The Supreme Court’s (SC) judgment in Waya ( 1 A.C. 294) has been rightly lauded as a landmark decision in the field of post-conviction confiscation, writes Roger Sahota in the fourth of a series of articles considering the impact of the case.
The Mortgage Fraud
The SC’s decision on the facts of the case concerned a mortgage fraud and may be confined to similar factual circumstances. Here, the offender purchased an apartment having obtained a mortgage by lying about his income before it was subsequently re-mortgaged.
In a rising market the value of the property appreciated considerably, so much so that the original mortgage advance could be repaid from the proceeds of sale. In this type of situation, where the deposit was untainted and the mortgage had been or could be repaid, the SC majority held that the benefit obtained by the offender was limited to the fraction of the appreciation attributable to the original mortgage.
The SC thus rejected the Crowns argument that the value of the benefit obtained should reflect the mortgage advance.
It was held that the mortgage advance did not form part of the offender’s benefit as it never came into his control and possession following the dicta in May. Instead the defendant obtained a thing in action (in this case an equity in redemption) with no market value that could only be realised when the flat was sold.
The SC also emphasised that there will be other mortgage frauds where the “thing in action” may have a value (para.53). In these cases the Crown may be entitled to claim that the offender has benefitted to the value of the mortgage advance obtained.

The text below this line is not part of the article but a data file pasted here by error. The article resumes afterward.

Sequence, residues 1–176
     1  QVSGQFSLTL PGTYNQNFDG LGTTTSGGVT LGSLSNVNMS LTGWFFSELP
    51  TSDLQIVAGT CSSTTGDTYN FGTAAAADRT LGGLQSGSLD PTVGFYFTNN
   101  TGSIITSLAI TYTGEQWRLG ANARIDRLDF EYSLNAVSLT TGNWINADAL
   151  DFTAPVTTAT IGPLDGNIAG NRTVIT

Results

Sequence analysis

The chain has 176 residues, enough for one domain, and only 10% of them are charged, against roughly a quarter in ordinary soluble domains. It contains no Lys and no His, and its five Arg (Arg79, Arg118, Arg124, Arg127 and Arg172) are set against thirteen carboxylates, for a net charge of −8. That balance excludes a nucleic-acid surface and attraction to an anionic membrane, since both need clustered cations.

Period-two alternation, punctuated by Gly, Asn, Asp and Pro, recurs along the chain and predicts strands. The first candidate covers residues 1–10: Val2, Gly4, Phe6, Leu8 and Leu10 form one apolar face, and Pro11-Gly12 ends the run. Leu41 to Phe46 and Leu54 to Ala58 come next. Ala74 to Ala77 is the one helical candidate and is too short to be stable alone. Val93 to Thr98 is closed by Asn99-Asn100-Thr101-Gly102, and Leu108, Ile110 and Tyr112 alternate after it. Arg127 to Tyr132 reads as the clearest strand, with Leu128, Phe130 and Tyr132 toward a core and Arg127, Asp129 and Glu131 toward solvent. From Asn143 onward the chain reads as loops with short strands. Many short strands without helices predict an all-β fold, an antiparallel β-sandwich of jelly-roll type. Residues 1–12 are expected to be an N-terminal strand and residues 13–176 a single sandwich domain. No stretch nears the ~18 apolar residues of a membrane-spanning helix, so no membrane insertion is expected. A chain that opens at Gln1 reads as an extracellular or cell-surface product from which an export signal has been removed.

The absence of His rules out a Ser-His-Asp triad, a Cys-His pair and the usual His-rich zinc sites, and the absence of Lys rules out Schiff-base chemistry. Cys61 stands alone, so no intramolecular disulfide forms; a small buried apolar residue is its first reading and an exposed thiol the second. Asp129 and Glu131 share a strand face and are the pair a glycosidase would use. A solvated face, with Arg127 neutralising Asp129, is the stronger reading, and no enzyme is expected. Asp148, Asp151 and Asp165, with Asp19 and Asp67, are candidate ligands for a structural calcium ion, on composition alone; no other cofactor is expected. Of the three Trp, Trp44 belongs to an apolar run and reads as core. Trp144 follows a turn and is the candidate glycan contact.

It therefore remains unclear if the formula adopted by the SC in calculating benefit can be applied by analogy in other mortgage frauds.
The Minority View – A True Revolution Averted
Lord Philips and Lord Reed dissented from the Majority view and suggested a completely different approach. When deciding the extent to which the offender benefited from his criminal conduct the Court should ask two questions:
Firstly, ascertain what the POCA benefit is, then
Secondly, ascertain what at the “real benefit” is (in the ordinary sense) and then decide if the POCA benefit figure was proportionate.
Applying this formula in Waya they believed the offenders benefit should be limited to “the money value of obtaining his financing on better terms than might otherwise have been available” when he obtained his original mortgage rather than any part of the increase in value of the flat.
The minority approach, with it’s emphasis on “real benefit” (a concept that is irrelevant to POCA) should be welcomed. It could give the courts far greater flexibility in determining an offenders benefit, thereby allowing some discretion to mitigate the main criticism levelled against the legislation which is that it often produces excessively harsh outcomes.
Waya has been heralded as the dawn of a new era in confiscation law. This description would have been all the more apposite had the minority, not the majority view prevailed.
The original article can be found at www.confiscationorder.com